Children’s Crafts – 7 Reasons Parents Want to Get Their Child Involved

There is a lot if buzz going around about crafting for children; and more and more parents are exploring the option with their own kids in mind. Crafting is not only a great outlet for children, but it’s also a way to entertain them that doesn’t involve the television or video games.

Many parents worry that crafting will be messy, but it doesn’t have to be. There are a wide range of markers and paints out now that do not stain clothes and wash off walls easily. Laying down a tarp or plastic tablecloth over the craft area and wearing an apron or smock can go a long way toward keeping the place tidy. Yarn and thread based crafts are easy to clean up and store, not to mention quite portable for such things as long car rides. Likewise, many worry that a craft hobby could be expensive, but this doesn’t have to be the case. Repurposing newspapers, buttons, and empty containers that would be otherwise tossed in the garbage is half the fun.

Crafting can be a great way to engage your children for a couple of hours each day. Some activities are a great way for you to bond with your child, and some are perfect for them to do on their own, giving you an often appreciated break. The benefits of a few hours of regular crafting are far-reaching and not just for you. Your children will thank you for life!

Seven Benefits of Crafting for Children:

Fostering creativity and imagination-
Any type of crafting involves engaging the imagination. This is a sometimes oversimplified benefit, but the truth is that creativity employs a number of mental processes including problem solving, idea generation, and comprehension. This is also what is termed “out of the box” thinking. Repurposing knickknacks for their projects will teach kids to see objects for themselves and their possibilities rather than as components. This is a solution-finding strategy that will serve them under any foreseeable circumstance.

Developing dexterity, and motor function-
Shaping a project with their own hands is an empowering experience for your child, but it has other advantages as well. When children are very young is the best time to develop hand-eye coordination and basic motor skills. This will make learning to write, amongst other things, much easier for your little one.

Teaching children to follow directions-
Many projects are “make it up as you go”, but a great deal involve instructions and patterns. In these cases, if the steps are not followed, then the project does not turn out. This is a cause and effect way of teaching children that following directions can be crucial to the success of a venture, and that is a lesson that will pay off in the future whether they’re installing that new software on their computer, or assembling that bookshelf they bought at the store.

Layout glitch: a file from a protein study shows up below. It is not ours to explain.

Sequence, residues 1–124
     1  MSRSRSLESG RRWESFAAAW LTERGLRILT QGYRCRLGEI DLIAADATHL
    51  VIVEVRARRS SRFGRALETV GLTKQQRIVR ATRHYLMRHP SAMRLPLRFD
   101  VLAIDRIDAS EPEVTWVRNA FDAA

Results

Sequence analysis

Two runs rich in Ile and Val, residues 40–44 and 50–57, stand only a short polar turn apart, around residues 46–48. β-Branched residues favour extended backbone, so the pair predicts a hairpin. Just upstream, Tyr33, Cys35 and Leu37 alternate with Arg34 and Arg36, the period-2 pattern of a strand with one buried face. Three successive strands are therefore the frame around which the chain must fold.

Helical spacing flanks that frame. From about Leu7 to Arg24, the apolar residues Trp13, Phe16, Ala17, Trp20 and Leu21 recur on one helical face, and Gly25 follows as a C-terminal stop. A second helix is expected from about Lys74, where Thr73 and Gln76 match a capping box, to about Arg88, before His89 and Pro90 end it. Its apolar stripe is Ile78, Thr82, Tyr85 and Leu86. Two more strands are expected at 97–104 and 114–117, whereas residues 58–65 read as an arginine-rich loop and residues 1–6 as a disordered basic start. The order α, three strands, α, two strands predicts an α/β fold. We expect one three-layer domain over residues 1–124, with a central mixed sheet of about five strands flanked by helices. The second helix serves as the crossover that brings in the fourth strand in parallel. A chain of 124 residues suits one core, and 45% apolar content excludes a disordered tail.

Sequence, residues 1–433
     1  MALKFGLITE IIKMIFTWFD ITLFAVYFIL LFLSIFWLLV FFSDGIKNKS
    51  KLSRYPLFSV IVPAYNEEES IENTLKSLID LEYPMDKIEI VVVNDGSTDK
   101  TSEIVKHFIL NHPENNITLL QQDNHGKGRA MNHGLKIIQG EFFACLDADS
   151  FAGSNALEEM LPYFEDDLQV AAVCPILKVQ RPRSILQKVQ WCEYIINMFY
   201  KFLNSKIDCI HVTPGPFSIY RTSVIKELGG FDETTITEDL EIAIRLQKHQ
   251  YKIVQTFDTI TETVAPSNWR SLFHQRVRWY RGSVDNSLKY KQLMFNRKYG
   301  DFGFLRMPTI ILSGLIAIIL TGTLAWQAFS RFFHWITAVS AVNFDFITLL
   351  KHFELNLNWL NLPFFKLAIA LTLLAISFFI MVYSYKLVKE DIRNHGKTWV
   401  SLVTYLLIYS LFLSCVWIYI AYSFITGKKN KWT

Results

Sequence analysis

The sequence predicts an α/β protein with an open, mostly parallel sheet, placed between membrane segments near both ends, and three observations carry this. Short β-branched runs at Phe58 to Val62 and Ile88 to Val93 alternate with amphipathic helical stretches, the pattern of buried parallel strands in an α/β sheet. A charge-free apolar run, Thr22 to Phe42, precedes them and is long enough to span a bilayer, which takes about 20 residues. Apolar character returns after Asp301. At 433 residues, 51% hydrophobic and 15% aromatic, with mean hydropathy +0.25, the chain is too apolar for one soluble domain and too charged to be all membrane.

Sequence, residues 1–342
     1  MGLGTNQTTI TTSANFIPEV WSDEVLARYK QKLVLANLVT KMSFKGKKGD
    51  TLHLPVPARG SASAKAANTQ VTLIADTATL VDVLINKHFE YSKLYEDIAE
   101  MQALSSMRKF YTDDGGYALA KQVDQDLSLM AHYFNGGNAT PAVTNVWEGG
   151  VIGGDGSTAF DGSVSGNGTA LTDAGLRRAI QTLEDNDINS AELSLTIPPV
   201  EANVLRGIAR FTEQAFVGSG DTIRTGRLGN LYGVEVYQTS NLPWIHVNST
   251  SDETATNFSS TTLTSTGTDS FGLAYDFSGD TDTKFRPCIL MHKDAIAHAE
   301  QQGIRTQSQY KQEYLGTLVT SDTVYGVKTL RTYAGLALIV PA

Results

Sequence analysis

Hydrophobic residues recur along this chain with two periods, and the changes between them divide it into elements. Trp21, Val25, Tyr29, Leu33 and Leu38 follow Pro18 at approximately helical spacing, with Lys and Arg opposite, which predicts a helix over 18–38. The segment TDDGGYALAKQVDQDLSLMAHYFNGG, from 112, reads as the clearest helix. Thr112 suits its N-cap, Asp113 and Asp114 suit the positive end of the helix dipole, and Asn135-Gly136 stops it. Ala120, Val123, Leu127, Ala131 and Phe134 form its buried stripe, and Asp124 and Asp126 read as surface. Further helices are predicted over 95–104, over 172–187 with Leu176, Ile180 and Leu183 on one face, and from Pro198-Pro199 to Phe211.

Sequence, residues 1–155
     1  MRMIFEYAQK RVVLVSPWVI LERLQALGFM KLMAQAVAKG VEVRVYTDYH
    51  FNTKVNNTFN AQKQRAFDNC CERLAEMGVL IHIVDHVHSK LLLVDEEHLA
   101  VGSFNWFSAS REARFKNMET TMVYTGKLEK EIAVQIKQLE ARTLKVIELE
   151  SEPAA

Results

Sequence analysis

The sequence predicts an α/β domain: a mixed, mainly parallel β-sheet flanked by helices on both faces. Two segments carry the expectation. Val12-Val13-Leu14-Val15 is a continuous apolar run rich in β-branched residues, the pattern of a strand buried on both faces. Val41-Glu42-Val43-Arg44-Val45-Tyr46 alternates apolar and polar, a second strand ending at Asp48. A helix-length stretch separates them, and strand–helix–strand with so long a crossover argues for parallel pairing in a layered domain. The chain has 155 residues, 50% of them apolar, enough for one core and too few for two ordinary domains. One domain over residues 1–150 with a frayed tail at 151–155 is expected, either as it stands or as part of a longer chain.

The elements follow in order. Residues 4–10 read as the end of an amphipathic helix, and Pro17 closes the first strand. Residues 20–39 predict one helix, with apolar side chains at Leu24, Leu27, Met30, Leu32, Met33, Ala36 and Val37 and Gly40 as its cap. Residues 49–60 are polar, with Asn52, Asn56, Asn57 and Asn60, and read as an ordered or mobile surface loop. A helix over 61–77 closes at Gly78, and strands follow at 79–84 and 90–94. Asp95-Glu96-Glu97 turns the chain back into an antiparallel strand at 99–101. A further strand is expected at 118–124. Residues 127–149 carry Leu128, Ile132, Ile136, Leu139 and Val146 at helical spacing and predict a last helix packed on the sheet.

Learning perseverance and concentration-
Some projects can be finished in an hour or two but some of them, particularly many designed for older kids, can take weeks or even months, culminating in a great many hours worth of work. Knitting, for example, can be one of these, so can model building. They also require the crafter’s full attention. Forget to purl a stitch or glue a tiny piece in just the wrong place and the entire result will suffer. The ability to stay on task and see a lengthy project through to its end is something that will benefit your child no matter what career they choose.

Interacting with others in creative and problem-solving situations-
Various crafting hobbies are solitary, but some can or must be done with one or more companions. Many of these involve building or creating something from scratch. There are a lot of valuable lessons that can be learned from this type of interaction, including group brainstorming and problem-solving, negotiation and compromise, and the value of others’ input. This will prepare them for all stages of life, which often requires us to work with others to achieve a desired result.

Finishing a project gives a sense of accomplishment-
Completion of any endeavor is a source of pride for all of us. When a child finishes a craft, they not only learn follow-through, but also pleasure at seeing the fruits of their accomplishments. A finished scarf can be worn; an assembled and decorated bird-feeder will bring feathered friends into a yard.

Self-Expression and self-esteem-
Studies have shown that the best way to increase a child’s self esteem is through actual achievement of objectives and goals, not just from receiving outside praise. The gains in self worth obtained this way will be longer lasting and teach the child to value their own self opinion rather than wanting constant validation from others.

These seven benefits, along with just the “plain old fun” aspect of crafting, make it easy to decide to get your child started on a project today.